For many freshmen, the transition from high school to college is liberating. No parents, no supervision and few rules means a pretty wild first weekend for some. Unfortunately, this newfound freedom often makes new students overdo it.
The first weekend is a chaotic one. Campus comes alive at night with people running, often intoxicated, all over to the frats and apartments to party. Many of these are freshmen excited to be in the college scene.
As a junior, I’ve already seen it a ton of times. It doesn’t necessarily bother me, but it does worry me. I hear stories about multiple freshmen going to the hospital or even getting
arrested. The first weekend of school seems a little soon to be getting oneself into that much trouble.
The weekend before classes start is a lot of students’ first time getting drunk. Without the pressure of going home afterward, or parents saying no, this is the most ideal opportunity many have ever seen. However, most newcomers don’t understand the effect alcohol can have on their bodies. They don’t know how to handle alcohol because they’ve never dealt with it before.
Freshmen also don’t know their peers well yet. In that environment, you’re pretty much completely on your own. At first, not many are comfortable saying, “Hey, maybe you’ve had too much to drink.”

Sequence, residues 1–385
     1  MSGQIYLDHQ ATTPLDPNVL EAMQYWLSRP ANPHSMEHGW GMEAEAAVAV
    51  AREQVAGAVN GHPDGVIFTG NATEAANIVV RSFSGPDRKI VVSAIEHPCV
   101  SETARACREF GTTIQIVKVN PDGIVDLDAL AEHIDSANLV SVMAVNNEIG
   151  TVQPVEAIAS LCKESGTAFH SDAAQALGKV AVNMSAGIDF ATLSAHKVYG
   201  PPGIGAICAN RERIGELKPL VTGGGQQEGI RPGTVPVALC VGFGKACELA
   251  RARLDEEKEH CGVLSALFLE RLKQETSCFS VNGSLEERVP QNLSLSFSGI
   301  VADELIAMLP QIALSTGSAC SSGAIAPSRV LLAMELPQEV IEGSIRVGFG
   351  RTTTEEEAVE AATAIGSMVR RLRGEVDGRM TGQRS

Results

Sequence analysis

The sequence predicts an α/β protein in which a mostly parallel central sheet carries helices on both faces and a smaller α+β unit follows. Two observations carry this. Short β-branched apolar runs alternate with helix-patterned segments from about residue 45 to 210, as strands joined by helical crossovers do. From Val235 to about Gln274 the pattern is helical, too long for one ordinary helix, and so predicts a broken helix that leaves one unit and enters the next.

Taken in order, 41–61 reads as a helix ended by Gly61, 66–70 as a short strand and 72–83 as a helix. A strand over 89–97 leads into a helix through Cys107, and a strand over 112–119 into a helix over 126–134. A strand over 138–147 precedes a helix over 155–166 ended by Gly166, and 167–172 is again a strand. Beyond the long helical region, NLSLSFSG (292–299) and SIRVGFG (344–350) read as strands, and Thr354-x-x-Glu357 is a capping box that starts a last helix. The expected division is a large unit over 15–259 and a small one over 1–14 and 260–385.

The first few weeks of college are crucial to internalizing your new routine and lifestyle. Those early days become ingrained into your habits.
According to USA Today, nearly half of college freshmen spend more time during a week drinking than they do studying. Don’t get started off on the wrong foot. If you are going to drink, wait until you are settled in and comfortable with your college surroundings.
The consequences of a crazy Saturday night can be hard to bear. First of all, no one wants a trip to the hospital. It’s expensive, your parents find out and it definitely gets talked about. I was once told that freshmen are most likely to get alcohol poisoning during the first semester of college.
Alcohol impairs functioning, judgment and the ability to say no. The risk of unprotected or
unwanted sex is especially high when you are impressionable, wasted, and eager to impress upperclassmen.
So, please be smart and safe about what you do on the weekends. You’ll have plenty of chances to have fun while you’re here at Linfield. There’s no need to cram it all in to the first night.
Kelsey Sutton can be reached at firstname.lastname@example.org.